Cleaning off Aluminum Foil stuck to a cooktop
We occasionally get questions from home chefs who’ve run into trouble with their ceramic glass cooktops. Recently Jeanne Huber from the Washington Post asked for Ted’s help for a home chef whose new ceramic glass cooktop had melted aluminum foil on the surface. Here’s a link to that article (to find the cooktop question, scroll down past the cabinet door question) The Washington Post Home & Garden. We’ve expanded on that topic, including the tests we did with melted aluminum foil and cleaning photos.Summary: Aluminum foil should never touch your glass-ceramic cooktop while it’s hot.
“I know, I know- why didn’t I tell you that BEFORE you had to search for it?!? “
I assume if you’re reading this, you accidentally melted some aluminum foil to your cooktop. There is good news and bad news… The bad news is you can most likely never completely remove the damage. The good news is you can clean up most of the mess and continue to use your cooktop as normal, possibly hiding the stain under a cute tea kettle when you have visitors.
How to clean melted-on aluminum foil- the short version:
How to clean melted-on aluminum foil- the long version with detailed photos:
In my experience, the difficulty of cleaning and the final result depend on how soon after “the incident” you attempt to remove the aluminum, and on how close the aluminum foil contacted the hot cooking surface. The clean-up will not be easy.
These photos compare melted aluminum foil cleaned immediately upon cooling (left photo) to cleaning following a longer waiting time including reheating (right photo) simulating the benefit of cleaning up melted aluminum foil as soon as possible without allowing to re-melt to the surface.
DO NOT try to reheat the foil hoping it will become easier to remove. In fact, stop using the affected burner until you’ve cleaned it. It is fine to use the other, non-foil attacked burners. Reheating might work to remove foil in other situations, but it makes the foil melted on your cooktop even worse looking. As you can see in this photo, when you reheat the melted foil and try to scrape it off while hot, the bits of aluminum you remove reattach to the glass and re-melt in metallic streaks. This makes the stain larger and more noticeable.STEPS TO MITIGATE:
STEP 1: With the cooking surface cool, start the cleaning process with a metal razor scraper. No cleaner or liquid is used in this first step; only the dry razor scraper. You’ll need to be aggressive; this is the step where you will remove the majority of the aluminum stain. Hold the scraper at an angle and try to get under the foil and scrape away as much as possible. But do not gouge the glass with the corners of the blade. Watch your fingers too- don’t make the situation worse by cutting yourself or scratching the ceramic glass surface with the sharp blade. If you haven’t used a razor scraper to clean your cooktop before, see our post about general cleaning to practice the right angle and technique for scraping. Scrape away the top layers of foil, the corners, etc. When you get frustrated, step away a moment and come back to scrape some more. I said this wasn’t going to be easy.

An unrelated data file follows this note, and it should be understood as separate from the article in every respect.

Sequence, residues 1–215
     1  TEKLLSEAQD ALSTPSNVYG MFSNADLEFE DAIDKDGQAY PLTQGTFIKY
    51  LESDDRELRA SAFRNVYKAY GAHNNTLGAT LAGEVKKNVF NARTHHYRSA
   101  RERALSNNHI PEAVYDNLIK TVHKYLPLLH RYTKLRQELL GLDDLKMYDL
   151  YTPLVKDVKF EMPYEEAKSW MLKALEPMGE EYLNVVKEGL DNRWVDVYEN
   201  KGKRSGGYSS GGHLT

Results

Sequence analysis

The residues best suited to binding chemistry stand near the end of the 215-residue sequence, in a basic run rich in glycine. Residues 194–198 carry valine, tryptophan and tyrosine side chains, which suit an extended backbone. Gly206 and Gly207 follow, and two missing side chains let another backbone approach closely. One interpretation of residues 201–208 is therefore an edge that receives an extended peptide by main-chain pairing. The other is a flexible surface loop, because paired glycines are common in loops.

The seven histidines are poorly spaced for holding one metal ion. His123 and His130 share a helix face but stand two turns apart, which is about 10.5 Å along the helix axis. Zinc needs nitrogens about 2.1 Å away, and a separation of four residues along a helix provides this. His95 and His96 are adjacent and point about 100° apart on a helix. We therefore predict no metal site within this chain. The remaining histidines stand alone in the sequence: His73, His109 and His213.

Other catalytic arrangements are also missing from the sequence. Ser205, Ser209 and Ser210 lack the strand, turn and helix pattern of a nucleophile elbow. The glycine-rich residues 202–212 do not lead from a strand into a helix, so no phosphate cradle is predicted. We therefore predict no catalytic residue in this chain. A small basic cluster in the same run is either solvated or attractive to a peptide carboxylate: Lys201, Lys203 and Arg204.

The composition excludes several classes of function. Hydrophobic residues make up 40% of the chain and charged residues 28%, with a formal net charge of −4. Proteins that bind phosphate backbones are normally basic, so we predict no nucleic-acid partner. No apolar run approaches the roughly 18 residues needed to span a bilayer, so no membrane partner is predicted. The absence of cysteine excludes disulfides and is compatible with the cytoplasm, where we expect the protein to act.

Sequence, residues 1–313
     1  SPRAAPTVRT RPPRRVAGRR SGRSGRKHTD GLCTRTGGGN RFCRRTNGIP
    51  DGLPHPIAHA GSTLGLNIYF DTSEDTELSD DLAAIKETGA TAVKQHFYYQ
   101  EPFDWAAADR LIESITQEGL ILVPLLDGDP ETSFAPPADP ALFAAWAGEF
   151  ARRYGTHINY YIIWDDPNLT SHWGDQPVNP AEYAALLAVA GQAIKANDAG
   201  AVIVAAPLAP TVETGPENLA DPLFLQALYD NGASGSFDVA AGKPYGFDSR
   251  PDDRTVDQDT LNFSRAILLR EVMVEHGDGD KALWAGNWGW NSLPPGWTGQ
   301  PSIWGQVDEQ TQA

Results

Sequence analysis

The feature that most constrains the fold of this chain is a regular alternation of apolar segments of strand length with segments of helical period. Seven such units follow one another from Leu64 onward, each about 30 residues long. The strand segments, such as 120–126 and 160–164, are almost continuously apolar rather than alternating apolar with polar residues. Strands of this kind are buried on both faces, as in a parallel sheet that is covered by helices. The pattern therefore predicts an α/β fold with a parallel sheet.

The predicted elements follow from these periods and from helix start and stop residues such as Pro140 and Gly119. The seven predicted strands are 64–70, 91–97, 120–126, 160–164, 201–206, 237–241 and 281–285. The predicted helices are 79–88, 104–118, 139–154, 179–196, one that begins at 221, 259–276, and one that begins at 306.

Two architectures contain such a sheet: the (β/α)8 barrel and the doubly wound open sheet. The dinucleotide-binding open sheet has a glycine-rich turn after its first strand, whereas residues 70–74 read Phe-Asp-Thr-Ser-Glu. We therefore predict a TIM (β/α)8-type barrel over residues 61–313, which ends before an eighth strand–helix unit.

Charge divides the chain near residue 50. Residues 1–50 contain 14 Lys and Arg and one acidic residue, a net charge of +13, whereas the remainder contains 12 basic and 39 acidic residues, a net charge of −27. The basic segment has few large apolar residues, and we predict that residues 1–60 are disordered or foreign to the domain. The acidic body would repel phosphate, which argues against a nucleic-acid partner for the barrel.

Here’s what you might be left with after diligent scraping. Note that all future cleaning steps will result in minor improvement, and this might be what your cooktop is going to look like from now on.
Breathe and take a moment to think about buying a cute sturdy tea kettle to hide this under.
STEP 2: Now we move on to the wet cleaning steps. Use your favorite liquid cooktop cleaner labeled for use on glass-ceramic “smooth top” ranges.
Do not use cleaners for window glass, such as Windex or other ammonia-based cleaners.
Squirt the cleaner directly on the stain and buff with a clean paper towel. Rinse with water and dry with clean paper towel.
If you’d like to get more aggressive, a paste of baking soda and water may provide more grit for polishing off stains. Note that baking soda could contain hard particles that could scratch the ceramic glass surface, so use a trusted brand and test a small area to be sure it’s not scratching.
Keep in mind, the more aggressive you go on abrasive the more likely scratches show up on a high-gloss back surface.
After all your efforts, you may be left with something similar to this stain, shown in the next photo.
The appearance of your stain now represents the best you can do for melted aluminum foil. Once you’ve flushed off all the cleaner with water and buffed dry with clean paper towels, it’s OK to use the cooktop, including this stained area as usual. If you look closely at the ceramic glass surface in the area of the stain, you will likely see pits where bits of the surface have chipped away. The melted aluminum foil reacts with the ceramic glass surface and damages it permanently when the foil is forcibly removed. Luckily, this is a cosmetic stain, and the cooktop will function normally.
A quick internet search will provide many other ideas to try on a melted aluminum foil cooktop. Here are a few that you should not try since I did it for you:
Effect on Foil Stain
Sodium Hydroxide, aka Caustic/lye
The ceramic-glass surface pitted and hazed, no foil removal
Nasty. I did this under a fume hood with protective equipment. Suggest you not try this.
VINEGAR + SALT
5% Acetic Acid
No change to foil or ceramic-glass surface
The acetic acid can damage the glass-ceramic surface, especially if heat is added, i.e. burners turned on
Effect on Foil Stain
No effect on foil stain and no effect on ceramic glass surface
The sodium hydroxide can damage the cooktop surface if heat is added, i.e. burner turned on